the nystagmus has stopped or has been mark­edly of Epley’s maneuver for BPPV involving the pos-
reduced. Then the head is quickly turned 45 de- terior canal. Recommendations in this article in-
grees toward the ceiling and is held in this clude other maneuvers (Semont’s maneuver for
position for 2 minutes, after which the patient BPPV involving the posterior canal and several
slowly resumes the sitting position (Video 8).42,48 other maneuvers for BPPV of the horizontal ca-
This maneuver was designed to move otolithic nal); these recommendations are based on data
debris that is lying near or is adherent to the from more recent randomized trials.35,44,46,50
cupula in the long arm of the horizontal canal
to a more posterior position in the canal, where C onclusions a nd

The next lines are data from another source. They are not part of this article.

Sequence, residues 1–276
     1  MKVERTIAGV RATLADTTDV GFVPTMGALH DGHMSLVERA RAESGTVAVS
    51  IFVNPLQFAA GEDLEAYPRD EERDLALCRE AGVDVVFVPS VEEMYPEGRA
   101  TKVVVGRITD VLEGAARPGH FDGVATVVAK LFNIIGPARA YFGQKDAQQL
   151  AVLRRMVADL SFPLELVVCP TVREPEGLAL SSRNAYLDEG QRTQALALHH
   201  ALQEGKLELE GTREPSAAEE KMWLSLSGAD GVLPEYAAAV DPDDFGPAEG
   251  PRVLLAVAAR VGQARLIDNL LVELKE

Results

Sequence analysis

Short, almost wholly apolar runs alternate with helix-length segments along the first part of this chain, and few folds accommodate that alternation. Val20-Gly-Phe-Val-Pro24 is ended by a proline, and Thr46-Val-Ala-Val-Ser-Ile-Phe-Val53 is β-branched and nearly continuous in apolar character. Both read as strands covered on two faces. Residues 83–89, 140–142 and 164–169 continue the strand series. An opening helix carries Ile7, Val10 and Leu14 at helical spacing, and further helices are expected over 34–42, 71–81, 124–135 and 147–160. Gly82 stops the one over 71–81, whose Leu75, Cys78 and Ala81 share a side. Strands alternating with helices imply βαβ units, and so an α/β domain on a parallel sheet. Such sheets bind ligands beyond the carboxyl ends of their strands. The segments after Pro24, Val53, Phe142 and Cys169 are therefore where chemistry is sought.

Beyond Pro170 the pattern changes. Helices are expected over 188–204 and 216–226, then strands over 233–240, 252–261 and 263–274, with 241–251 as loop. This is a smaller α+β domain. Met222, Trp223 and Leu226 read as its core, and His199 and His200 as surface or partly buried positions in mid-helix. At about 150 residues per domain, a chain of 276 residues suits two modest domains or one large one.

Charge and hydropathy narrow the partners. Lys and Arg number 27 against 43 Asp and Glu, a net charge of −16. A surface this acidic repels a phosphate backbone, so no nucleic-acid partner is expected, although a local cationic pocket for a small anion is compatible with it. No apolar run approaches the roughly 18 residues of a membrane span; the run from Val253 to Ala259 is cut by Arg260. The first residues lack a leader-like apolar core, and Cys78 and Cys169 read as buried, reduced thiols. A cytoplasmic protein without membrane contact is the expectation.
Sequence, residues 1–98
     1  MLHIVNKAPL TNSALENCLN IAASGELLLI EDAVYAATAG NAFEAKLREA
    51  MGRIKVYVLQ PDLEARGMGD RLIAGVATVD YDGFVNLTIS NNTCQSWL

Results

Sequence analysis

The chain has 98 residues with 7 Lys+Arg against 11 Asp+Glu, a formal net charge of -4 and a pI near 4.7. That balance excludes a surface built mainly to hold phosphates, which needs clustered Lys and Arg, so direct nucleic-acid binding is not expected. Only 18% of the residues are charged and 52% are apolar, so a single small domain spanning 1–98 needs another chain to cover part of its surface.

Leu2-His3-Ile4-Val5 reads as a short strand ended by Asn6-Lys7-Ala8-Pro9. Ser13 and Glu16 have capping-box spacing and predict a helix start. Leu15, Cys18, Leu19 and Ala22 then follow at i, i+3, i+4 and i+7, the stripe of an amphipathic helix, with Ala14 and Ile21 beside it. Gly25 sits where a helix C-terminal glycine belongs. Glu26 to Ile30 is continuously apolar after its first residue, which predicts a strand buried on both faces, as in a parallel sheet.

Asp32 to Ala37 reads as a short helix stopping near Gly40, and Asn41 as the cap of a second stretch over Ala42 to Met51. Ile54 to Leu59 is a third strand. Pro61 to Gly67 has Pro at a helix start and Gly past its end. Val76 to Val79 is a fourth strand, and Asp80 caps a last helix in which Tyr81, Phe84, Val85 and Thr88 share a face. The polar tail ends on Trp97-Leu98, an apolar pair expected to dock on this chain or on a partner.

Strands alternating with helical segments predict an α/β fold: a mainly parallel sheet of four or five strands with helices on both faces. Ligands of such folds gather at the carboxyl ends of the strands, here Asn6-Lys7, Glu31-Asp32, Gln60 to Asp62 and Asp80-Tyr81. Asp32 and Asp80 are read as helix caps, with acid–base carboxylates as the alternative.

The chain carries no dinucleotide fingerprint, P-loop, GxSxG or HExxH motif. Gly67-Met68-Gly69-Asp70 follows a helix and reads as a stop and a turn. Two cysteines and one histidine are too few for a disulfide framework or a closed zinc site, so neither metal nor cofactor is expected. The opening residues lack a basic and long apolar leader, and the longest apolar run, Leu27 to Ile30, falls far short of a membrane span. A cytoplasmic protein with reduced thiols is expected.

the debris may fall into the vestibule or can be R ec om mendat ions
removed with the use of Gufoni’s maneuver for
BPPV involving the horizontal canal with geo­ The patient described in the vignette has vertigo
tropic nystagmus, in which the head is turned and nystagmus provoked by a change in head po-
toward the floor, as described above (Video 7).49 sition, without other symptoms or signs, find-
A randomized trial showed significantly higher ings that are highly suggestive of BPPV. Patients
rates of immediate resolution of symptoms with who report vertigo provoked by head movements
the head-shaking and Gufoni maneuvers (62% should first undergo the Dix–Hallpike maneuver
and 73%, respectively) than with a sham maneu- (Table 2 and Fig. 1, and Video 1). The development

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The n e w e ng l a n d j o u r na l of m e dic i n e

Figure 3. Semont’s Repositioning Maneuver for Benign Paroxysmal Positional Vertigo Involving the Right Posterior Semicircular Canal.
The patient is asked to sit upright (Panel A) and then to lie on the side of the affected, right ear, with the head turned slightly to the left